Vibrational Healing with Aromatherapy Essential Oils 

Vibrational therapy promotes healing and well-being through the use of energetic resonance. Some healers use volatile oils and resins for vibrational energy healing either alone or along with laying on hands or other form of energy medicine, such as sound or light therapy.

Keep in mind that everything is energy and vibrates at energetic frequencies. When exposed to lovely aromas and the frequencies of the oils, our subtle energy is affected for the good.

Aromatherapy is used in energy healing to affect consciousness, set sacred space, and to positively affect the energy centers (chakras) and the energy field of the individual.

For example, cedarwood, sandalwood, frankincense, and patchouli help people feel grounded and centered, making them useful for balancing the root chakra.  When working with the seventh energy center at the top of the head, healers may use lavender, frankincense or myrrh to strengthen the connection with the spiritual and the Divine. You may recognize frankincense and myrrh being named as two of the gifts given to baby Jesus by the wise men.

Beyond Aromatherapy Healing

Fascinating research has been conducted regarding aromatherapy and its uses beyond healing. Researchers have found that there is a strong link between scents and memory.

  • 'Forgotten' memories buried in the subconscious can bubble to the surface in the presence of an associated aroma. For example, the scent of cinnamon or vanilla might bring up memories of holiday baking or grandma's house. Students who sniff a particular scent while studying find it easier to recall information when they sniff the same scent during an exam. 
  • When you have specific goals in place, everyday smells can activate these goals. Need a pick-me-up to get going in the morning? Take a sniff of rosemary or peppermint essential oil to clear your head and help you feel more awake.  Need motivation to clean your space? People who smell lemon, a common cleaning fluid scent, are more likely to tidy up than those who don't.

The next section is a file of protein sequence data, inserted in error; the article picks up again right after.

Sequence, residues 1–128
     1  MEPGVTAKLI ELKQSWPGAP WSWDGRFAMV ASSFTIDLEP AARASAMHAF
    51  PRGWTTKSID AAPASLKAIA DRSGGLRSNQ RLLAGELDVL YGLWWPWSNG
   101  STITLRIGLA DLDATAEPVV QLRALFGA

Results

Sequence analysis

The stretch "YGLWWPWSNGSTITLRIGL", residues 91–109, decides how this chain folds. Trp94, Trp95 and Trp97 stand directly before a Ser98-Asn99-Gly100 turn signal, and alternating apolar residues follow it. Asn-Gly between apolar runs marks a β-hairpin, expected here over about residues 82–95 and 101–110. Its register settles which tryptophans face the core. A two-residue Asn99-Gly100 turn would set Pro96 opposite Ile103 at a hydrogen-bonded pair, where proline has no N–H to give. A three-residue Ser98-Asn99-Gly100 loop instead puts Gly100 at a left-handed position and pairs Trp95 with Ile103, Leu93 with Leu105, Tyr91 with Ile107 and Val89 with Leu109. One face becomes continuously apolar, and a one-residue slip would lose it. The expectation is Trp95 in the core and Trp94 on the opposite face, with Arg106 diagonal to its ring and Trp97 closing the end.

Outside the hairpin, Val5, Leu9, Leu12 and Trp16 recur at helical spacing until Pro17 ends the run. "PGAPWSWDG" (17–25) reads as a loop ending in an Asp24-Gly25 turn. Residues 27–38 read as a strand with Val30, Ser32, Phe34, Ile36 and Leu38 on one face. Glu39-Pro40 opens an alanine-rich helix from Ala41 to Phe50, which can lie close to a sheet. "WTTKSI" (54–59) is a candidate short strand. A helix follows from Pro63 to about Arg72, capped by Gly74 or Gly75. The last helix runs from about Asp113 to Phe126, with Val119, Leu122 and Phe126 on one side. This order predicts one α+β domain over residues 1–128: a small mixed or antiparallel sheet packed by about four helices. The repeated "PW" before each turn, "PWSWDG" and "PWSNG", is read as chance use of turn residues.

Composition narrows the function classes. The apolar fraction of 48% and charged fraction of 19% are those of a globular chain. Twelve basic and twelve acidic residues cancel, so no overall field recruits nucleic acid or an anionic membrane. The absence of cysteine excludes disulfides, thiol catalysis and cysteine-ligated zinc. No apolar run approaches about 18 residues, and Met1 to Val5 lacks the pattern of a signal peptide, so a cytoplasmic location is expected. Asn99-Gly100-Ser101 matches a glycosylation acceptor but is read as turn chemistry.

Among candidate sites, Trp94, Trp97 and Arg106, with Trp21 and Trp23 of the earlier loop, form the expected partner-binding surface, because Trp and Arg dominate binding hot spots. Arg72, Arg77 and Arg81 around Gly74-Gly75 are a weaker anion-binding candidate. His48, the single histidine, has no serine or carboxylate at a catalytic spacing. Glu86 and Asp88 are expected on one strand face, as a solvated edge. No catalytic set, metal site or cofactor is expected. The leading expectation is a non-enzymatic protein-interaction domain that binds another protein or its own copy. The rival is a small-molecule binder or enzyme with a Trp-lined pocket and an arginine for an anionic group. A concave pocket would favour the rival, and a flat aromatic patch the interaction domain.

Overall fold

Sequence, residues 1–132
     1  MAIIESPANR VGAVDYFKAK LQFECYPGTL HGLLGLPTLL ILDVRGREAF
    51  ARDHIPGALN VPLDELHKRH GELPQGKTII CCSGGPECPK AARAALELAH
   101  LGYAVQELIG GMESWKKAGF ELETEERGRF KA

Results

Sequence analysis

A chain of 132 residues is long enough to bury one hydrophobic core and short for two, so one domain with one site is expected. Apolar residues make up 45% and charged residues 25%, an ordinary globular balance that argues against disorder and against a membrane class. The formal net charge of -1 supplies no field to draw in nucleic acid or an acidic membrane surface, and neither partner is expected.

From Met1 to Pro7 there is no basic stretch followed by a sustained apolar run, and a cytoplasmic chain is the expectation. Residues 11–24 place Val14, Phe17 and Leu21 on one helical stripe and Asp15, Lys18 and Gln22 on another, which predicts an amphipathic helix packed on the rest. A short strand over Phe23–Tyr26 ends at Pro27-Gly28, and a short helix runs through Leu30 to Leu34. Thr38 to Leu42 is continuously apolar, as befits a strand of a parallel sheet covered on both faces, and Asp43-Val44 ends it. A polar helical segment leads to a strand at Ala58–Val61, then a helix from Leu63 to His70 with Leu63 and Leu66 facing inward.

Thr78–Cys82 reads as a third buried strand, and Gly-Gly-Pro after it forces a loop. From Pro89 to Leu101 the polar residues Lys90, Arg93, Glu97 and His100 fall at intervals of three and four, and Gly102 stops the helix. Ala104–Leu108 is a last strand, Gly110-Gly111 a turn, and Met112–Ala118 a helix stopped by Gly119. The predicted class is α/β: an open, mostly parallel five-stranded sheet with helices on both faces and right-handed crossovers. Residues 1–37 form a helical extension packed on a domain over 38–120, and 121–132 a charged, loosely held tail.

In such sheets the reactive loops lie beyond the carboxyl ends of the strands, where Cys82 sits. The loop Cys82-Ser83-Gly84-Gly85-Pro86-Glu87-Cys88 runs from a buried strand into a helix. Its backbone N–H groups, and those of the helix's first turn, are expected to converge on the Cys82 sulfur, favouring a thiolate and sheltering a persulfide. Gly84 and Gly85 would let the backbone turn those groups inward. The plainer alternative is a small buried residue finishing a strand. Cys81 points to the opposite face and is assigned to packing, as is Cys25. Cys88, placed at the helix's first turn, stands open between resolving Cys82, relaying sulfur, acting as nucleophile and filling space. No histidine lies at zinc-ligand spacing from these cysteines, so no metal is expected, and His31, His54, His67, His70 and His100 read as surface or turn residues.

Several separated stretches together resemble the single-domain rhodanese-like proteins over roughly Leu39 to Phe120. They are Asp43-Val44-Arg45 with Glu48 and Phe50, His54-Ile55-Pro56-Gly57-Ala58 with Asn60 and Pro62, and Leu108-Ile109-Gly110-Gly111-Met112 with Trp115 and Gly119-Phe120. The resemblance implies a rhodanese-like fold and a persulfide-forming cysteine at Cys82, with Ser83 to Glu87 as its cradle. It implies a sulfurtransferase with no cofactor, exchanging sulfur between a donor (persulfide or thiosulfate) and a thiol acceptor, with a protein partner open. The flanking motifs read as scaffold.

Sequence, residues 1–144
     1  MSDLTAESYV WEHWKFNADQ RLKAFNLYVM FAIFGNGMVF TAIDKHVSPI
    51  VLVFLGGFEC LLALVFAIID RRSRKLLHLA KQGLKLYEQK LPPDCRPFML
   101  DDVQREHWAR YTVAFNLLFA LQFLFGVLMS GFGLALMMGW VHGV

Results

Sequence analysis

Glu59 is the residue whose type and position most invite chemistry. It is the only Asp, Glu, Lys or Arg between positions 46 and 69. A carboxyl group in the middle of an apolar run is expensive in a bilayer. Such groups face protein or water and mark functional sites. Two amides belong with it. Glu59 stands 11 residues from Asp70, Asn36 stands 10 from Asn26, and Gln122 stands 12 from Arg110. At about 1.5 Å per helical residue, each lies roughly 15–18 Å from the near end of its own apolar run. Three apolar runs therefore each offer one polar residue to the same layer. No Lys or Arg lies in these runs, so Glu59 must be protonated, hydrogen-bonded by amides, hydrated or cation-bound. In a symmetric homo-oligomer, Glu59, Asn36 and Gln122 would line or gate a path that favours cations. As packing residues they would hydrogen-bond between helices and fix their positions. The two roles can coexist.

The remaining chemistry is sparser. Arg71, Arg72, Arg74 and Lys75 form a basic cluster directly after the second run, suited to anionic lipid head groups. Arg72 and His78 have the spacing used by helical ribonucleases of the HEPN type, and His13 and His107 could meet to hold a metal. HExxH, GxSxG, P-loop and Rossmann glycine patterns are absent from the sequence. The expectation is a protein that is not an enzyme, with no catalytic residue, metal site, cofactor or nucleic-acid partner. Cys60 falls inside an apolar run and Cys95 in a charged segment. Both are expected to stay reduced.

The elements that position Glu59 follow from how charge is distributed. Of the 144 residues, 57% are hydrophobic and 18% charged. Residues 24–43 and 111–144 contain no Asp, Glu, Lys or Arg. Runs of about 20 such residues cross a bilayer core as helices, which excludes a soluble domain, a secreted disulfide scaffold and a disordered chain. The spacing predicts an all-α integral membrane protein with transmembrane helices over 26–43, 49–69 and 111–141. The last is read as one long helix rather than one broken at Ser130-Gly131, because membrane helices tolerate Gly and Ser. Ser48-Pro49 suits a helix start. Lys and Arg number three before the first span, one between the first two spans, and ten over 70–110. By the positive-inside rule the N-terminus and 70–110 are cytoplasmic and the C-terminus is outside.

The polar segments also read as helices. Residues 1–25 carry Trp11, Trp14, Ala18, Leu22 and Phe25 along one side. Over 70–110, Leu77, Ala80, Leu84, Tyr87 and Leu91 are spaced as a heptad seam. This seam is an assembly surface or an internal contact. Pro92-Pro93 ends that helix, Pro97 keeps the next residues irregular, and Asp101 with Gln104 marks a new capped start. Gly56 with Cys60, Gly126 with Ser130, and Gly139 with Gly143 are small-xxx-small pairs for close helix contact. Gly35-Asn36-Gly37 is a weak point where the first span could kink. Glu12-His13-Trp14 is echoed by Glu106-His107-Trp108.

• Speaking of cleaning - many volatile oils have disinfectant properties. Eucalyptus, thyme, pine and tea tree will help keep your home germ-free while imparting a fresh, clean scent. Once you get used to using non-toxic products with real essential oils, the smell of chemical fragrances will be much less appealing. 
  • Selling a home or have an apartment to rent? Realtors suggest scenting a home with cinnamon or baking a pie when showing a home. The aroma awakens powerful associations and makes the house feel like home.
  • Lemon oil is diffused in Japanese stores because people make more purchases when they smell lemon. Perhaps this is because it is an uplifting scent.
  • A few drops of good quality lemon or orange oil added to a marinade on fish or chicken are yummy smelling and tasting. This is one of the few exceptions to the external use only rule.

Make therapeutic essential oils a regular part of caring for you mental and physical health. Used externally, they make a wonderful complement to medical care. They are some of the most pleasurable, enjoyable remedies you can use. Just massaging your hands and forearms with a cream scented with your favorite oils helps you feel nurtured and relaxed. This is no small thing when you are facing harsh medical treatments or just trying to recover from a stressful day. 

Whether you love the sweet fragrance of flowers, the medicinal scent of pine and rosemary needles, or the more earthy aroma of the resins and woods, there are aromatherapy oils for you. There is a scent for every mood and preference, complete with healing properties that make them wonderful for everything from pleasure to healing to cleaning your home to cosmetics and skin care. 

Related Pages

Therapeutic Essential Oils page updated 12/2020

What is Aromatherapy?

For Educational Purposes Only. This information has not been evaluated by the Food and Drug Administration. It is not intended to diagnose, treat, cure, or prevent any disease or medical condition. Please consult with your health provider before using natural remedies and/or complementary therapies if you are pregnant, nursing, or you are being treated for a medical condition. Be aware that certain herbs and supplements interact with medications.